So I guess I better get busy and finally start tying all those lose ends together to bring you not only an excellent 2010 workshop season, but also a great experience when it comes to finding the right one for your needs and going through the registration process.
If you want to be notified as soon as the 2010 workshops are ready, please make sure you are on the newsletter (get the newsletter here).
Got a way to help me simplify the registration process? Leave a comment!
Warning, this is another iPhone post. No photography here. Move along, nothing to see here...
Every year I reach the point where I need to start planning the workshop schedule for the next year. This usually takes place after summer. And every year I find myself trying to find an application that helps me do that. A simple year planner. One that allows me to see the entire year on one screen, and where I can define time blocks and move those around on a calendar. Preferably it integrates with the calendar on my Mac. Shouldn't be too hard to find, right?
This is the third year where I've spent hours to try and track down this software. I would happily pay for such a software. But no luck. I've looked into project management software. Too bulky or too expensive, not elegant enough, or simply too big and complex for my purposes. I've looked into calendaring software. None that offers me a decent or usable year overview. Or if they do show the entire year, they really only show you the year but they don't populate it with any of the calendar information.
The situation is even worse on the iPhone. The built-in Calendar app is nice, but if you want to get more serious, it's pretty much useless. Look at the month screen for example. Just a dot on the days that have entries, and the day overview hidden away in a tiny portion of the window on the bottom. This would be a perfect opportunity for app developers to come up with great calendars, but Apple has put the kibosh on that by not providing a calendar API. That's right, no iPhone app can directly interface with the iPhone's calendar data, so all of them have to be isolated applications.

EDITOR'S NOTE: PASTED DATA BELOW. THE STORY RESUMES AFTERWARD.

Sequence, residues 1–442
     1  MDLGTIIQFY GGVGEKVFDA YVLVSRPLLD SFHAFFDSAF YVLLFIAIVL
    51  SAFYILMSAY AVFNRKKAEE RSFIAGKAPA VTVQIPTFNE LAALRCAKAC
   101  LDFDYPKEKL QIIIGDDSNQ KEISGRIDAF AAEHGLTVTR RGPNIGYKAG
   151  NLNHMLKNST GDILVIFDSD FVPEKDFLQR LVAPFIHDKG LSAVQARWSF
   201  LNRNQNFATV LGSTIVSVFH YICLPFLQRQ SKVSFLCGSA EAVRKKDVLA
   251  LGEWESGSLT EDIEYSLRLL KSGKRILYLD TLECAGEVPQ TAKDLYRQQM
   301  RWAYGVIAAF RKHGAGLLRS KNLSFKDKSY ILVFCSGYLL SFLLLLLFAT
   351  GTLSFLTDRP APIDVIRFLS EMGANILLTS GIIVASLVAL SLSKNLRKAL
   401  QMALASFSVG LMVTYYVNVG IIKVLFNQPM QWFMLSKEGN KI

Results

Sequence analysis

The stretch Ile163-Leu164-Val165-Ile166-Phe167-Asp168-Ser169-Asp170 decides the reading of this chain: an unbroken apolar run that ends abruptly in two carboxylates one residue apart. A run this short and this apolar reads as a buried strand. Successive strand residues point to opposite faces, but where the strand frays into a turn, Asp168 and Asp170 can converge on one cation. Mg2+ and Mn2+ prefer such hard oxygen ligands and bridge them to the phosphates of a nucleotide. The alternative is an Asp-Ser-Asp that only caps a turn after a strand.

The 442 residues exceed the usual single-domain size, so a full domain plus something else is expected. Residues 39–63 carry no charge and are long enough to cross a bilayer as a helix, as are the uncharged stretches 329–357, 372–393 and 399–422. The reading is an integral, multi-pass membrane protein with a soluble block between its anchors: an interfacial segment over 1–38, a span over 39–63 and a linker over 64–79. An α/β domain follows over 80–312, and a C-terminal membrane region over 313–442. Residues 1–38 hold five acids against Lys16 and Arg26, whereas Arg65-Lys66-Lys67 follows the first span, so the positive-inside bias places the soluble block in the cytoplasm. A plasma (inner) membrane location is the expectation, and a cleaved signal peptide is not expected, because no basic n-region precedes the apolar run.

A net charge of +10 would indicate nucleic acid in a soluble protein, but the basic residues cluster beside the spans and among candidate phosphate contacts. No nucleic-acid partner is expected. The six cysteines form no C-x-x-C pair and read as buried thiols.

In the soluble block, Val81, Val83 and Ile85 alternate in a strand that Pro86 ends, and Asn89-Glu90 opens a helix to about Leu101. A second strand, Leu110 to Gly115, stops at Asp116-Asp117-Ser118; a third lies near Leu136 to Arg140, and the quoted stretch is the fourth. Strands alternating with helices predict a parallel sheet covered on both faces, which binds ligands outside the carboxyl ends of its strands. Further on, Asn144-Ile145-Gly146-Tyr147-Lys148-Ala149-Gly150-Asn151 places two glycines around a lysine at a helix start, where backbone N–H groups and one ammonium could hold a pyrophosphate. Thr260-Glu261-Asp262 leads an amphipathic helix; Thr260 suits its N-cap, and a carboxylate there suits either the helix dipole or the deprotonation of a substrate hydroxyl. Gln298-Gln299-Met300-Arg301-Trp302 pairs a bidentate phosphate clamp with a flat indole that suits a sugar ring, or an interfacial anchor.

Google Calendar to the rescue!
And that's where my recent research weekend where I found the solution to unfreeze my iPhone 3G 3.1 helped in a way.
Apparently Apple doesn't mind iPhone apps to sync with Google apps, and that's true for Google Calendar too. So there are quite a few iPhone calendaring apps out there that work just fine using Google Calendar.
And as I have already moved my calendar subscriptions over onto Google Calendar and as it's working flawlessly so far, why not go he whole hog and move my main calendar over there too?
So my next steps were to a) find a great iPhone app that syncs with Google Calendar and b) move my main calendar over to Google.
Twitter to the rescue!
What a great community! Just a few tweets later, and @stke was there with a great app tip: Pocket Informant. Thanks for helping trigger one of the biggest calendar reconfigurations I've done in a long while.
Admittedly, it doesn't really solve my year-view issue, and it isn't necessarily a planner, but it solves a host of other problems that I've been having with the built-in Calendar app and it throws in some new and awesome todo features on top.
Introducing Pocket Informant
Where its previous versions seems to have had some issues, version 1.1.0 of Pocket Informant is one of the best mobile calendars I have seen in a while. It's not for everyone, it will require some level of configuration, but when it comes to my personal preferences, I believe I have found a keeper here. It will happily run in its own little sandbox, but if you are ready to switch to Google Calendar and set Informant up to sync that to your iPhone, you will unleash its full potential by enabling iCal sync functionality, albeit indirectly through Google. This way you can see and edit the same data on both the iPhone, iCal, and even online in the Google Calendar web interface while you're away from your beloved gadgets.
Pocket Informant gives you an agenda, a day view, and a month overview. Nothing special so far, until you see everything in action. Where the iPhone's Calendar app does its job .. well, in a doing-its-job kind of way, this one is on steroids. What I haven not mentioned yet is the week view, and for that view alone I would have made the switch. Why? Simple: Apple's Calendar app doesn't offer that. And for the way I work with calendars, a good week view is essential. In the month view, Informant will even give you tiny little time bars on every day that show you which portions of your days are booked. You can even opt for small text entries. And these are just a few of the cool things it does.